Having bought the duck breast and kept in the freezer for some time, I finally decided to make it last night. Duck breast seems to be challenging to prepare, I heard that it takes longer to cook then other meat so I always felt restrained to try cooking it myself. I love duck almost in all forms but I have always enjoyed it in the restaurant. Nevertheless, every thing has its first time. I have searched online and found an excellent post on ‘how to pan roast a duck breast from Cookthink. Meanwhile, just like Marisa’s post in Slashfood, I did not need to put the duck breast into the oven but still could get the inside rosé.
I was very indecisive last night, actuall I have shortlisted to two recipes to try out one of them:
- Duck breast with honey and sansho pepper, mango, shiso and daikon
- Duck breast with fresh mango salsa
However, I was distracted when I saw my friend from San Franciso writing in Facebook telling what she had eaten the night before and seared duck breast sushi was one of them. I immediately thought what a good idea, perhaps I can try to make this. I searched and found this duck sushi recipe from Nobu’s cookbook. I got all excited by this and immediately started cracking on it. I had dinner at NOBU Hong Kong recently with my best friend and we both enjoyed it the food, ambiance and service there a lot, that’s why I did not have any hesitation with their recipe.
Inspired by Nobu’s recipe from Nobu Miami: The Party Cookbook
Makes about 12 pieces
- 1 duck breast, skin trimmed if necessary
- Chinese 5 spices
- Japanese 7 spices
- freshly ground salt and pepper
- 3 tbsp grated daikon
- 1 tbsp red chili paste (I used the Korean ones)
- wasabi paste
- Salt and pepper
- 2 tbsp coriander stems, finely chopped (choose the young and thin ones)
- 2 tsp fresh grated ginger
- 1 tbsp umeboshi plum paste
- 2 tbsp clear honey
- 1 tbsp light soy sauce
- zest of 1 lime (for garnish)
- 1.5 cup Japanese short grain rice
- 2 tbsp Japanese rice vinegar
- Prepare in advance the lime zest, grated ginger, chopped coriander, umeboshi paste in small plates and set aside.
- Mix well the honey and soy sauce in a small bowl and set aside. (The sauce is thick enough and I did not make by reduction as indicated in the original recipe.)
- Peel a daikon of about 10cm long. Grate and squeeze out the juice. Add 1 tsp of red chili paste, mix well and set aside. This is known as Momijio Oroshi.
- Prepare vinegared sushi rice by cooking the Japanese rice as usual in rice cooker. When the rice is done, drizzle some rice vinegar to the rice and mix well. Open the lid to cool down the rice gradually.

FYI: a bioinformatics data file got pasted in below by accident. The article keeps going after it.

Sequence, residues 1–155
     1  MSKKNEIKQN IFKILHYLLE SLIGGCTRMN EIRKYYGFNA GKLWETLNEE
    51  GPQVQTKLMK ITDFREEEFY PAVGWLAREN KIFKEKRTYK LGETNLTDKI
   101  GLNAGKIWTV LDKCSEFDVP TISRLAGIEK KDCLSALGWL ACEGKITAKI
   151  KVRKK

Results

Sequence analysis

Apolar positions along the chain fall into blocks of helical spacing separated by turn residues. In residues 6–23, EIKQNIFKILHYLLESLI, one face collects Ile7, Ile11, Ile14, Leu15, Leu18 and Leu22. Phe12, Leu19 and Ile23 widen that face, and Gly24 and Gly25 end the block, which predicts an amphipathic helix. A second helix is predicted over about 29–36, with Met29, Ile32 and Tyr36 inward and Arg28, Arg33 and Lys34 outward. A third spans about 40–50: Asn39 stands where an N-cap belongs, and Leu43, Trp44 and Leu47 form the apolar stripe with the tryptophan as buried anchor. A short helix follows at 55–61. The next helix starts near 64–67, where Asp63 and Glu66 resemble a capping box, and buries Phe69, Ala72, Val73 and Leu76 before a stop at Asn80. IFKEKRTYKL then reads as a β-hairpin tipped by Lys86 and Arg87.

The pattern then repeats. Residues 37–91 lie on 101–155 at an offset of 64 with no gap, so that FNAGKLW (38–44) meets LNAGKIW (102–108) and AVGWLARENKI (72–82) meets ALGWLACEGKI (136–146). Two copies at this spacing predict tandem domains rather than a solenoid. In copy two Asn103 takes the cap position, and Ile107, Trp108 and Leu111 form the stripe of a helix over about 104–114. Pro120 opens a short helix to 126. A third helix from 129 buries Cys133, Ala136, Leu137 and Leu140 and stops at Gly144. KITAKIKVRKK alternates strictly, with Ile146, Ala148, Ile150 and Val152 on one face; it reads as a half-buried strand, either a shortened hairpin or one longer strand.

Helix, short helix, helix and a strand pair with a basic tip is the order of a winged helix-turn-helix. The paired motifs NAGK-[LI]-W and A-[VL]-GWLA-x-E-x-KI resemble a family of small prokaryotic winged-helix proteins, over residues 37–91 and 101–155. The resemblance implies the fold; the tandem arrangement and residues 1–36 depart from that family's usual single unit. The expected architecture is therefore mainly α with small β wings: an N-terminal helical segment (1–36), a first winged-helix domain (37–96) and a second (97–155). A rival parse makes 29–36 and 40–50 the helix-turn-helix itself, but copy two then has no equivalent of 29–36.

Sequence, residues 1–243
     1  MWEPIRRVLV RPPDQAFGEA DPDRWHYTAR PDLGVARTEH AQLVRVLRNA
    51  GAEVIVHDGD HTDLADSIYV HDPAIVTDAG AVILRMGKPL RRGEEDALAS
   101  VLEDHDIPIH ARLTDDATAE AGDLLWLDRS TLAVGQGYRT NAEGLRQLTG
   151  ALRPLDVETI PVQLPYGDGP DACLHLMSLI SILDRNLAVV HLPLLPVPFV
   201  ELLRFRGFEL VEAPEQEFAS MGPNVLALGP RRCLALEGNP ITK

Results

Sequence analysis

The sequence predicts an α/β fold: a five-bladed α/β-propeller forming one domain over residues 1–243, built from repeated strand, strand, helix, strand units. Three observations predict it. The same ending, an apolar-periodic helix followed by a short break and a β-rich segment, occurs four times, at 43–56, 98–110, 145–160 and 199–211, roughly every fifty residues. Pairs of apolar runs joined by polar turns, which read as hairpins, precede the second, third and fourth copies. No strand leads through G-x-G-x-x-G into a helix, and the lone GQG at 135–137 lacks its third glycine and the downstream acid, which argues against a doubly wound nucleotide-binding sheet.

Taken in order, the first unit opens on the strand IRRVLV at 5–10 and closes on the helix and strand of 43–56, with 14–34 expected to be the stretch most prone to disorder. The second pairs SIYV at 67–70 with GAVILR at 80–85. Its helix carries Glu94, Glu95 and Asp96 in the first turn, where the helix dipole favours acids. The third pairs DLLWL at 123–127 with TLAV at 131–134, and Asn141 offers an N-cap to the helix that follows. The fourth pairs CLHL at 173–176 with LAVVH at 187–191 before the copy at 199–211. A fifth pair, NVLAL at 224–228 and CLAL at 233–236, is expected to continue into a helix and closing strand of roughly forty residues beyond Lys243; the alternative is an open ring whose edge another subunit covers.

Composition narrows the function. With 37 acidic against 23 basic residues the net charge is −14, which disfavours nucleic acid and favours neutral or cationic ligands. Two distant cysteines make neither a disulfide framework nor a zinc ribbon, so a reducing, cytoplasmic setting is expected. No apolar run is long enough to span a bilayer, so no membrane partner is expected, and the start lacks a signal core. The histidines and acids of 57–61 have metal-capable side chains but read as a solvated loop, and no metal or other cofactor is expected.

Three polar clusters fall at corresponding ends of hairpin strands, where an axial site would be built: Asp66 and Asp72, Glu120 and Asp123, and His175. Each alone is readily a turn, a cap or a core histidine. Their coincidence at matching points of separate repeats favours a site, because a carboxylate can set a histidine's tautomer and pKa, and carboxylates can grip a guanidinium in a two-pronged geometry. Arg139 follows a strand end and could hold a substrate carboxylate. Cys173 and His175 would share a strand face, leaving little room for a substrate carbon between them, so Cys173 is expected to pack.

- While the rice is cooking, prepare the pan roast duck breast. Cut the skin of the duck breast in a crosshatch pattern, cutting about halfway through the fat. Season both sides by dusting with Japanese 7 spice powder, Chinese 5 spice powder and salt and pepper.
- Sauté the duck breast in a pan at medium-low heat with skin side down. Cook slowly to render some of the fat to achieve a nice golden color. Turn and cook the other side. You will need to cook about 6 minutes for each side to get rosée inside. Remove the duck breast from the pan and allow to rest for a few minutes before cutting. The rendered duck fat can be reserved for other use such as frying vegetables, etc.
- Slice thinly the duck breast and place on a plate lined with kitchen paper.
- Make 12 pieces of sushi rice. Dash a little wasabi and umeboshi paste onto the middle of the sliced duck breast. and top with a little grated ginger, Momiji Oroshi and finely chopped coriander stems.
- Finally drizzle some honey soy sauce on the sushi and sprinkle some lime zest on the plate as garnish.
- Serve immediately.
How did I like this? Ooooh, what can I say? I am a big fan of Japanese food and the first piece of this contemporary sushi gave me an Hmmmmmm and extraordinary palate sensation because it contains a bit of everything
- succulent from the duck breast
- sourness from the umeboshi and vinegared sushi rice;
- different kinds of spiciness from the daikon chili paste (Momijio Oroshi), seasonings from the 7 and 5 spices, ginger and wasabi;
- sweetness from the honey soy and
- also there was actually a hint of bitterness from the daikon.
and this is the characteristics of Nobu dishes, NOBU is very good in mix and match of all kinds of flavors (despite the fact that I did not follow his recipe fully, it’s still very good in my opinion, will definitely make again soon. It was not easy last night to prepare and take pictures at the same time and restraining myself from eating them immediately. Next time I hope to be able to sit back and enjoy the sushi even more (without the need of taking pictures).
I could taste all of them clearly without getting mixed up. It may sound a little unbelievable of how can all these different flavorings be put together but the only way to answer your question is to try and explore this yourself. And and and don’t forget to have a sake or glass of wine to go with this, can’t be missed!!!
- Since this is a cooked sushi and all the seasonings are already added to the sushi, it’s not necessary to dip in any wasabi soy sauce.
- You can serve this cold or you can also warm in the microwave at low heat for 10 seconds without overcooking the duck breast.
Want more? Here is a sneak peek of what we had in NOBU Hong Kong: